In this world, every human has been given something called a Z-Eye, which allows their eyes to serve as camera, among other things.  Matt uses this feature to start up a service where he helps awkward guys get dates by using watching them through the Z-Eye and giving them tips through an earpiece.  With Matt at an offsite location, he's free to look up information on women to give the men an extra advantage.  He helps Harry (Rasmus Hardiker) who infiltrates a random office Christmas party and hits it off with Jennifer (Natalia Tena).  "White Christmas" deftly lays out its reveals, even the smallest ones, like the one where we find out that not only Matt, but a whole group of men, are watching Harry.  And perhaps if Harry wasn't trying to tick boxes on a mental checklist he's been given, he'd be able to tell that Jennifer is suicidal before she takes him to her home and forces him to drink a mysterious liquid that kills him while Matt and the others are watching.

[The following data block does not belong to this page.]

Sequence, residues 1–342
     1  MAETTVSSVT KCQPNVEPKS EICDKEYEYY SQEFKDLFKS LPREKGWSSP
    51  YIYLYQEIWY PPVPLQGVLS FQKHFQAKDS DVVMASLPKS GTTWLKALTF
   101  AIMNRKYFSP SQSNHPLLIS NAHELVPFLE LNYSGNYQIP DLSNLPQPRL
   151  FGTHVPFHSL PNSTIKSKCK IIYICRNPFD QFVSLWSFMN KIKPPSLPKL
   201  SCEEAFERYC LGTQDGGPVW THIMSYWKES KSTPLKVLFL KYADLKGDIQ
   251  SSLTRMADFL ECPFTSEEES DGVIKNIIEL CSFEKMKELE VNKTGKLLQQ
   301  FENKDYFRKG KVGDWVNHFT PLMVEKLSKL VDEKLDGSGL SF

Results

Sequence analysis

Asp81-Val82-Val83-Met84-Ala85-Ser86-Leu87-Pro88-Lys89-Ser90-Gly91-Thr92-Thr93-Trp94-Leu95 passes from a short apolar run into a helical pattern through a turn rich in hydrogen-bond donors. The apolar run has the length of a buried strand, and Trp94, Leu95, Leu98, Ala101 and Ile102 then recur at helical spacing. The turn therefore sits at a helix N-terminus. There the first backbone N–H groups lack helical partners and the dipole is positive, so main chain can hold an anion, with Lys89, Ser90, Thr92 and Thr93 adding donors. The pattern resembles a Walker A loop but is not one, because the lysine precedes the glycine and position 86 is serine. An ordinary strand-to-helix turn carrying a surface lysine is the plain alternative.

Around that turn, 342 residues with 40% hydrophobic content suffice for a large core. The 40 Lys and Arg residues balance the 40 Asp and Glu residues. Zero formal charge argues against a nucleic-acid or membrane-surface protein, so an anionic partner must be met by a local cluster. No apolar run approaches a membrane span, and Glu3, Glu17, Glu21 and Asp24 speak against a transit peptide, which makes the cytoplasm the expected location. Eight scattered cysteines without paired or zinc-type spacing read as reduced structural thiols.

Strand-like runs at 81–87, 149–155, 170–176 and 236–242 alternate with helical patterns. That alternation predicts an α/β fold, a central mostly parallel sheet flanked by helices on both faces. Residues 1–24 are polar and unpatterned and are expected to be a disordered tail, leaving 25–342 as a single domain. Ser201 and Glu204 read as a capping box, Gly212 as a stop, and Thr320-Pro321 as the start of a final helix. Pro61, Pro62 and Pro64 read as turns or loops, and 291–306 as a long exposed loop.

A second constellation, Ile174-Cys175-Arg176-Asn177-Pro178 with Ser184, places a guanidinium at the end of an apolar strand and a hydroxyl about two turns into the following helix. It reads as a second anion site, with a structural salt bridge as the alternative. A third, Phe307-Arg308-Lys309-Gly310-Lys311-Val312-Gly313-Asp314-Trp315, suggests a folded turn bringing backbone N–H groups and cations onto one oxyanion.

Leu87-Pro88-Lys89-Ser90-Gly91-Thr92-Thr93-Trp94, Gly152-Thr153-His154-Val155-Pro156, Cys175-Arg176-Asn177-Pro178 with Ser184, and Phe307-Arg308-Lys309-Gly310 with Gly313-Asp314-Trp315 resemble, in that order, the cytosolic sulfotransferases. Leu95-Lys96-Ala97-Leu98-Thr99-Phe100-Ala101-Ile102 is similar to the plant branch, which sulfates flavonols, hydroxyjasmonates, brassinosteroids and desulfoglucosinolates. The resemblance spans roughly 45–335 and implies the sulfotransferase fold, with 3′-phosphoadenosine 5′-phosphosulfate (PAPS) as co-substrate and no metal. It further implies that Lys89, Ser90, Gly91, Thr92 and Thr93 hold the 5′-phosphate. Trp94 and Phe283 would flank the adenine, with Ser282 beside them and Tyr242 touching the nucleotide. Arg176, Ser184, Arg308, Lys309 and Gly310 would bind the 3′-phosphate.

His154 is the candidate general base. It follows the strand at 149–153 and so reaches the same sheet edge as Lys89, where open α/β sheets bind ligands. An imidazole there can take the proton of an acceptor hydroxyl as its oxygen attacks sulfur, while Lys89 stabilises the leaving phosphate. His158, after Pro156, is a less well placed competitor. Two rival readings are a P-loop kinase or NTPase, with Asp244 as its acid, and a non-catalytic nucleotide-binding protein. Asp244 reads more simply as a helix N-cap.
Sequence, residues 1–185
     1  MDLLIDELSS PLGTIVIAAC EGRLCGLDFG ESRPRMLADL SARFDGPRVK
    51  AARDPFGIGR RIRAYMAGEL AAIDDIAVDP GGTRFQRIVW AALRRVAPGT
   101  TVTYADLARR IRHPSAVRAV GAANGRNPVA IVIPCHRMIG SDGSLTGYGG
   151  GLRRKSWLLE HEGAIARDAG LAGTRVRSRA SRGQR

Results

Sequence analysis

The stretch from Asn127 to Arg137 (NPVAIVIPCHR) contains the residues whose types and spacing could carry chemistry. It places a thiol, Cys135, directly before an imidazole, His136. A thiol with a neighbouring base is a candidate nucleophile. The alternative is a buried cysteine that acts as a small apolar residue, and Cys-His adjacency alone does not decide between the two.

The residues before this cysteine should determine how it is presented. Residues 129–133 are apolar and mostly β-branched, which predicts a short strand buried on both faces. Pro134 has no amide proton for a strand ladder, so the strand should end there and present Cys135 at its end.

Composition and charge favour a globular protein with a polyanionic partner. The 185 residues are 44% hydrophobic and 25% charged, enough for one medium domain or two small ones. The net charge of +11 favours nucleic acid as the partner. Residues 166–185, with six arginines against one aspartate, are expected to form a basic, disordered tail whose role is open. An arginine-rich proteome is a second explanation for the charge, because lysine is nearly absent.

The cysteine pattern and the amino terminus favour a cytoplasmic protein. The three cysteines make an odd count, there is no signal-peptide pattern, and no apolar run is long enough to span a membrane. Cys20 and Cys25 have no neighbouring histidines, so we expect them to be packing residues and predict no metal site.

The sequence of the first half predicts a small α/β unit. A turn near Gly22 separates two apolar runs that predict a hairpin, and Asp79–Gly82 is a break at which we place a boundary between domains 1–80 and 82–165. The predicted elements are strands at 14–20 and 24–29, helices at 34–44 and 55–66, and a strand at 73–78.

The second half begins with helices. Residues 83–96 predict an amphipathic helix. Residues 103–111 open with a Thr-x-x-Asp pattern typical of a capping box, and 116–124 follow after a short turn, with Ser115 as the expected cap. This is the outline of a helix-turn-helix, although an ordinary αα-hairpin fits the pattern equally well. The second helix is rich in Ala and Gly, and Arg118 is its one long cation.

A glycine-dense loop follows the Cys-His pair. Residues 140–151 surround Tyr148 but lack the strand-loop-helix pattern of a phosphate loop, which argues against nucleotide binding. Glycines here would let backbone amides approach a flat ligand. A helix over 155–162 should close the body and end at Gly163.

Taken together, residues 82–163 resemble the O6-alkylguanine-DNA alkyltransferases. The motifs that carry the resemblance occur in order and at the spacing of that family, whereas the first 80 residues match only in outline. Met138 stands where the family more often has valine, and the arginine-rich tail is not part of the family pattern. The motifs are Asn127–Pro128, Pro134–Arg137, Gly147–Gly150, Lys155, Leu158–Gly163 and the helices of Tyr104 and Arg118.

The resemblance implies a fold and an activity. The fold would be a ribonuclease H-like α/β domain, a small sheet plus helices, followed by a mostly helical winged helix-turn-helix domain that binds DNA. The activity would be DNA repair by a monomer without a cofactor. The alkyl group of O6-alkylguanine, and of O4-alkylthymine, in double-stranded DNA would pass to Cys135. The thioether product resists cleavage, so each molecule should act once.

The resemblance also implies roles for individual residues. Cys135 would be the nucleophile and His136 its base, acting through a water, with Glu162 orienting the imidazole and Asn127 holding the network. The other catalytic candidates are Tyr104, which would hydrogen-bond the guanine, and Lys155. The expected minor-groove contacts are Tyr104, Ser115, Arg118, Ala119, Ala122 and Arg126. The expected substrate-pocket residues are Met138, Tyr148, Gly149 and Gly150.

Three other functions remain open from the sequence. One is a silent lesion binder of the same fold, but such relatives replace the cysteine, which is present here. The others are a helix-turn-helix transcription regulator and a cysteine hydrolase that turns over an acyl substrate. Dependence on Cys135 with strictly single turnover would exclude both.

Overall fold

As it turns out, that love guru business is not even Matt's job, which we learn when he launches into another story.  This segment passes it over to Greta (Oona Chaplin), a woman who is undergoing a procedure to take out a chip that has been in her brain for a week collecting data about the way she thinks, and putting it in a "cookie" that will be able to virtually do household tasks that Greta herself is too lazy to do.  By all accounts, this copy is just like Greta.  She thinks like Greta, she feels like Greta, she has the same preferences as Greta; and it's Matt's job to train this copy.  Here's where the genius of Jon Hamm truly comes in.  We're so used to seeing him on Mad Men playing Don Draper, who even at his worst, always has a cool restraint to him.  As Matt, he's an oozing jerk, and it's wonderful to watch.  The way he tortures this "cookie" Greta into realizing her purpose is absolutely horrifying.  "It'll be much easier if you just comply" is enough to send chills down spines.